asked for The National Geographical magazine, recognising its yellow colour, takes
the book and starts 'reading it', looking at the pictures. At home with her mother, she
shares the post. (Photos by Penelope and John Hubley and Colwyn Trevarthen)
receptive to any 'presentation' of objects by others. The natural response of a playmate is to create
routines of dramatic play and to tease. Games with infants exercise sympathetic mirroring and
imitation of the motives of agency; i.e. of intentions, attentions and feelings. Infants at 6 months
show subtle transitions of interest and disinterest, determination and doubt, amusement and
irritation, surprise and confident recognition (Trevarthen, 1986b, 1990), and they begin to laugh
(Sroufe and Waters, 1976). They habituate quickly to dull repeating events, seeking new
experiences. They learn to value the reappearance of events that bring pleasures, or to fear and
withdraw from those that signal recurrence of unpleasant experience.
Their exploring and rapid habituation make infants beyond 4 months ideal subjects in laboratory
experiments on discriminative recognition, categorisation, 'intentional stance', and deferred
imitation. The infants are sensitive to dynamic parameters in artificial displays (Watson, 1972;
Gergely and Watson, 1999). They are detecting 'animacy’, and can predict the intentional aim of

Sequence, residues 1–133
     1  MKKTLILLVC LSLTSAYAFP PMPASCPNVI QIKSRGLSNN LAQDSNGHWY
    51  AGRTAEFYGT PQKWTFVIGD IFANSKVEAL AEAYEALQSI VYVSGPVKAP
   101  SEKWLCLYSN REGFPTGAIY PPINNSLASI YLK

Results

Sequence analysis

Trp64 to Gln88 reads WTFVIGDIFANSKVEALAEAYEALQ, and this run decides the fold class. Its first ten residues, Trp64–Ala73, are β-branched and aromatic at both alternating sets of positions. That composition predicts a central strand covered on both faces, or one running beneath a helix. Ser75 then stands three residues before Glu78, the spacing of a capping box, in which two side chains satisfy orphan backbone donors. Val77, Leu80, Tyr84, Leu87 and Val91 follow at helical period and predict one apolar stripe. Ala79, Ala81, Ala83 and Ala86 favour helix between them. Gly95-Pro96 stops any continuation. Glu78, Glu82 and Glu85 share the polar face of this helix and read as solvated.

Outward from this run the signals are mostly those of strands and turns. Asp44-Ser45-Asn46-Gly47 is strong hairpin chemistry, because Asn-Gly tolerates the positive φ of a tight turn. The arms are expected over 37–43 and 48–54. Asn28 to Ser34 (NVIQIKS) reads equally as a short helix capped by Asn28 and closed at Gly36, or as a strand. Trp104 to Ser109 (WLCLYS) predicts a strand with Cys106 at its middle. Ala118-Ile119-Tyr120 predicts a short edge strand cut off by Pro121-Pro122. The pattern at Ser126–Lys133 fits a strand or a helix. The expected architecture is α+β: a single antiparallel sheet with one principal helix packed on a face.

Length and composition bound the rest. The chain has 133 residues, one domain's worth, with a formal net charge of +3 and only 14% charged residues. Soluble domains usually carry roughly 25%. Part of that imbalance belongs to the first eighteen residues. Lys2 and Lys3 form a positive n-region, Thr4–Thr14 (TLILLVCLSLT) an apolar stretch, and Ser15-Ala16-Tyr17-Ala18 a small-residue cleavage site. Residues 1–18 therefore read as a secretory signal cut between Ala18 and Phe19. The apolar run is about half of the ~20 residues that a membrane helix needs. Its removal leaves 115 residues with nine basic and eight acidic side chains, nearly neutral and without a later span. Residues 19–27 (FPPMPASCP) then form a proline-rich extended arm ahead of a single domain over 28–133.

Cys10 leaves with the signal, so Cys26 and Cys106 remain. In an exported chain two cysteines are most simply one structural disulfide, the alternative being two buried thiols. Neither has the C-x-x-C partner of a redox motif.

persons' movements represented in dynamic visual displays (Legerstee, 1992). This kind of
‘intention sensitivity’, with selective response to mobiles that show ‘contingent re-activity’, leads
some researchers to deny infants ‘real’ awareness of other persons as separate subjects. I see it as
further evidence, albeit artificially obtained, for innate inter-subjectivity. In natural circumstances,
infant's investigative intelligence and sense of humour facilitate pleasurable communication with
The early-developed signs of interest in human purposes recall the pioneering experiments of
Michotte (1962) who, using simple visual displays with dynamic properties, proved that subjects
have internal criteria for identifying vital, psychologically motivated
INFANTS’ SYMPATHETIC EMOTIONS SEEK TO SHARE MEANING | 81
phenomena. In experiments to analyse how movies carry messages of human action in changing
patterns of light, Michotte charted the dimensions of change that evoke particular emotions, and